One of the advantages of direct mail is that you can land something absolutely stunning right into someone’s hands, tailored to their interests. You can write something meaningful – informative, heartwarming, or heartbreaking (maybe all three) – that speaks to that person, and, as an option, you can enclose a premium that they will want to keep or use. And you can give them the opportunity of sitting with your piece on the sofa, at their desk, or dining room table, away from the incessant demands of their computer or phones, if they so wish.
Contrary to the assertions of some digitally-oriented naysayers, direct mail is alive and well, but its success depends on at least two things – one, know the audience you need to reach to insure a positive response, and two, send an attention-getting package that matches up with the recipients’ interests.
Featured in this post are the components of a fundraising package I created (wrote and designed from start to finish) for the Associated Humane Societies, a humane society I’ve been working with for 30+ years. They are a hard-working organization dedicated to taking in the animals that society has discarded and giving them a brand new, loving future. I’d say their donor base falls in between the hard left humane organizations which don’t hesitate to show you the most brutal images of animal cruelty and the soft right which focuses more on cute puppies and kittens. So the pieces I work on with them have to be honest, but not so raw that people want to throw the piece away without really looking at it. If you don’t get the recipient to open the envelope, you’ve lost the donation. This particular package is mailed to their regular donor list, but with minor adjustments, could be easily used in a cold mailing.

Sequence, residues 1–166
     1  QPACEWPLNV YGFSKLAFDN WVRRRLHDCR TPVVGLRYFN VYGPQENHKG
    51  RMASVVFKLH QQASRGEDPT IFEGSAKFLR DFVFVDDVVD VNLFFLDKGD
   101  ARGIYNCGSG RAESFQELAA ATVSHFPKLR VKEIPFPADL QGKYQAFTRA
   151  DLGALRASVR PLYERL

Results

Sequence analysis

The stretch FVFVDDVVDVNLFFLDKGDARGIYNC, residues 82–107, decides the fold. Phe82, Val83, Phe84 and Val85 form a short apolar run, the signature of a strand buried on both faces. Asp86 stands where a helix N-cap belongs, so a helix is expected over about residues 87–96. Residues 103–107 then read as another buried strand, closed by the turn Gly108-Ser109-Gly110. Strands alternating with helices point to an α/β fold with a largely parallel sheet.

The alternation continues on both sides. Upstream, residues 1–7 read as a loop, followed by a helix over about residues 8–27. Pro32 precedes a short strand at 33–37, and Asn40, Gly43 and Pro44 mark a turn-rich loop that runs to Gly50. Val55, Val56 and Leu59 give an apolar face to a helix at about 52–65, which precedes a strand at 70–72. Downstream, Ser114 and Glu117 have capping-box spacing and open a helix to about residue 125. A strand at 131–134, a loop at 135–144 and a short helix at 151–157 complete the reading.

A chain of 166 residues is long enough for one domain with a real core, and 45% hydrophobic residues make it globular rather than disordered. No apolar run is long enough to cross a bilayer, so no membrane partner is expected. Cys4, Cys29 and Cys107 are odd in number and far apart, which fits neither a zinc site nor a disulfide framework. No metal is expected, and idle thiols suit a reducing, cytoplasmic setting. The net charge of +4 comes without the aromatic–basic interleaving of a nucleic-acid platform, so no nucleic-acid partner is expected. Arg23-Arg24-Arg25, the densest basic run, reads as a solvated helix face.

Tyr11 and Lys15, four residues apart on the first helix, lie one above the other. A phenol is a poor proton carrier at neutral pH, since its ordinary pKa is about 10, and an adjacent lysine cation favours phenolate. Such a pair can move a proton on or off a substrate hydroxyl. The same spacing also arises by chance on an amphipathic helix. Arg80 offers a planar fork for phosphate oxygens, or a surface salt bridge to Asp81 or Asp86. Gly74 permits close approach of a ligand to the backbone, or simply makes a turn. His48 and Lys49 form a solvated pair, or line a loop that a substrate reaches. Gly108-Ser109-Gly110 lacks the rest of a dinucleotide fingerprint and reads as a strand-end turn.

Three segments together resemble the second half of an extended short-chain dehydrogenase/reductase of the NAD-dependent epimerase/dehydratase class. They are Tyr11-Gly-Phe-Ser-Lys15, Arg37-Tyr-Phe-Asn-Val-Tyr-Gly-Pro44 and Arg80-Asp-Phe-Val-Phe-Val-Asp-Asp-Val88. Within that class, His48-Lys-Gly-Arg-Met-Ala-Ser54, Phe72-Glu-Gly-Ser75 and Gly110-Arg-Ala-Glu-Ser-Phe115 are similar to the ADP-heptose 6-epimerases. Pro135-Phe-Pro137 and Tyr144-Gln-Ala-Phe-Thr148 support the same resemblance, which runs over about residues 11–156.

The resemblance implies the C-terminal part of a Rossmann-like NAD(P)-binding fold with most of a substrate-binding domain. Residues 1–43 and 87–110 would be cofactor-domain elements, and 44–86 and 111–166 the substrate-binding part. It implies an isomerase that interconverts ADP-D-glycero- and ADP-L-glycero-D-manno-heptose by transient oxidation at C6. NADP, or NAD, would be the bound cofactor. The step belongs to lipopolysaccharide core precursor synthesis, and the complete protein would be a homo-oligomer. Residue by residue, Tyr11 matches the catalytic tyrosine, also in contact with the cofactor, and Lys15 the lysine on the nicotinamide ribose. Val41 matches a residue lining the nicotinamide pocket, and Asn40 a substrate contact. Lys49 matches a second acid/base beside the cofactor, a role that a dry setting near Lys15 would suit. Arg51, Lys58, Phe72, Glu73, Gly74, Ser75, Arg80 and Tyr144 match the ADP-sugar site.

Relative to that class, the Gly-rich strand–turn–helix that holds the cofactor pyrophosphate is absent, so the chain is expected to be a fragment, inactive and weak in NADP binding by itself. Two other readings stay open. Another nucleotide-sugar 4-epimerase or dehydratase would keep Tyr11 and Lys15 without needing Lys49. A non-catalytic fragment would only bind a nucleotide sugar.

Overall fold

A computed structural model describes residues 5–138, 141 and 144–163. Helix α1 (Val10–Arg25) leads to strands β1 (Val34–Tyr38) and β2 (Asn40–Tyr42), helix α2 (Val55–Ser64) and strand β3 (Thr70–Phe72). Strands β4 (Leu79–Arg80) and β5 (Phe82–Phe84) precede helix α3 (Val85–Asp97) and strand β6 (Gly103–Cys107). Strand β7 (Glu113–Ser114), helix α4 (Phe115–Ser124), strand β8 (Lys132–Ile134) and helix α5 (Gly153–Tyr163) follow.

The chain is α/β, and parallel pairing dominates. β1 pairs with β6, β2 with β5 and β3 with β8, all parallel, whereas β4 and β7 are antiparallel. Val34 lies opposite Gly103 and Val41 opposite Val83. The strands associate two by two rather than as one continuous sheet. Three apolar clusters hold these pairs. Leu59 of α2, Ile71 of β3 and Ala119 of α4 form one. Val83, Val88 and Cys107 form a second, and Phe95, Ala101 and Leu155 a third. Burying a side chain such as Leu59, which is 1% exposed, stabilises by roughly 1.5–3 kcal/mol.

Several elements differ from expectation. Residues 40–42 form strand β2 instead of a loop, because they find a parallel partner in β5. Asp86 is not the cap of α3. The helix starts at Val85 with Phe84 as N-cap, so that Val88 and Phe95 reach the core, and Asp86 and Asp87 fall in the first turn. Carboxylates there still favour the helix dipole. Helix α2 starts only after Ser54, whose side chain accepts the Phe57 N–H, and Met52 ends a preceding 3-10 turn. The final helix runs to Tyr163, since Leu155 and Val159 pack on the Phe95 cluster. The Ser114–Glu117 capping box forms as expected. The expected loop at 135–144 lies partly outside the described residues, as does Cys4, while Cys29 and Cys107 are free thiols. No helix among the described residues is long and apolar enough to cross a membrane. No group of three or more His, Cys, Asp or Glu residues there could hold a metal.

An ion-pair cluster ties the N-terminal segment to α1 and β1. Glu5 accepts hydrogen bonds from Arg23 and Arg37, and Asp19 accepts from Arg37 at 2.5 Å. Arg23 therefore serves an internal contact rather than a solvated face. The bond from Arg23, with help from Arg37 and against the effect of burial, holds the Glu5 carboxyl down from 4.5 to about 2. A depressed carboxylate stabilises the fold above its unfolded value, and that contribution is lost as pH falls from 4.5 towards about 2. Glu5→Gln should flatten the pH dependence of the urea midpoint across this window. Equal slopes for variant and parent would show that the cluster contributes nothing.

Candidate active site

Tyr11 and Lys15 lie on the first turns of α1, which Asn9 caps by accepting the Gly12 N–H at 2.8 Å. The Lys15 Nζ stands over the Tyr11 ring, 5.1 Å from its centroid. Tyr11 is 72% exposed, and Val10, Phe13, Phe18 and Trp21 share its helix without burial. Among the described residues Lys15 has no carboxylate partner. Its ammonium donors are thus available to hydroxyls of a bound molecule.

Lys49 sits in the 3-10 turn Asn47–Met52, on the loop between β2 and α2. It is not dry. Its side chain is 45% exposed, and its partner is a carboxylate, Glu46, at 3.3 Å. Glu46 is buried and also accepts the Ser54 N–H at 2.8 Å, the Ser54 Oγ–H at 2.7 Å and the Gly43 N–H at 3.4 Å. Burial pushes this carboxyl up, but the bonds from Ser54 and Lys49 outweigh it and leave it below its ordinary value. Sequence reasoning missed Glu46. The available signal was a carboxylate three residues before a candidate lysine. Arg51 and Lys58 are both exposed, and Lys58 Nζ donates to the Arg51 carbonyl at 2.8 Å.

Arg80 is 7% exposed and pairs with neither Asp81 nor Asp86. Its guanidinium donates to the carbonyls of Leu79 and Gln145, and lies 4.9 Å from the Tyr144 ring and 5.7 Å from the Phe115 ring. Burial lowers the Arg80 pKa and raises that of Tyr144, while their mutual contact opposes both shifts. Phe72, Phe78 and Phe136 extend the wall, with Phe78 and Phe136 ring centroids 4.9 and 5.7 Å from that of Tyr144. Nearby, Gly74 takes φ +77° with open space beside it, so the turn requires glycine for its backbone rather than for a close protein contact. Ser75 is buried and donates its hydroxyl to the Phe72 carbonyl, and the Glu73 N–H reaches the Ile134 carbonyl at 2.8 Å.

There are 5 components: a 4-color, 5″x 7″ card with photos and an appeal letter written up inside which tells the story of these two animals, an outer envelope, a BRE, a response document, and a premium. We’ve done labels successfully in the past as our premium, but people are on label overload nowadays, so we featured, for the second year in a row, a flower seed packet. The custom designed packet (below) is glue-tipped to the back of the card so it shows through a window on the back of the outer envelope.
The theme of the piece is “UNWANTED”, and tells the story of a senior dog, left horribly neglected and sick, then abandoned on the street, and a 5 month-old kitten, put out on the fire escape in the dead of winter as punishment by an angry owner. The outer envelope and card front show Emily (the dog) and Christopher (the kitten) as they looked when they arrived at the humane society. The interior of the card (above) details what the humane society did for these two, how they took care of all their medical needs, and best of all, found them loving homes. The back of the card shows the dog’s happy adoption day photo. In addition, the recipient received a packet of Thumbelina Zinnia seeds, encouraging the donor to enjoy planting and growing them as they can help the organization grow and help more animals like these. The response document and BRE, continue the theme of these two animals and images of the zinnias.
This is just one of an endless variety of possibilities and formats in fundraising campaigns. These donors seem to really like this format, as it’s been used with great success, but in reality, they are responding to the outstanding work of the organization, and the presentation that moved them – written from a heartfelt perspective and in a visually attractive package. (I’ll take the credit for that part.) Let me also mention that I work with a wonderful printing outfit, the Ballantine Company, who takes the utmost care in every aspect of the package’s printing and mailing.
Can I bring my talents to your organization and help you make a difference? I’d be happy to, so feel free to contact me with any questions.
p.s. And just to add a little happy ending for you graphics readers, here is a photo of that sweet senior dog, Emily, after the humane society restored her to the best health she had probably known in years.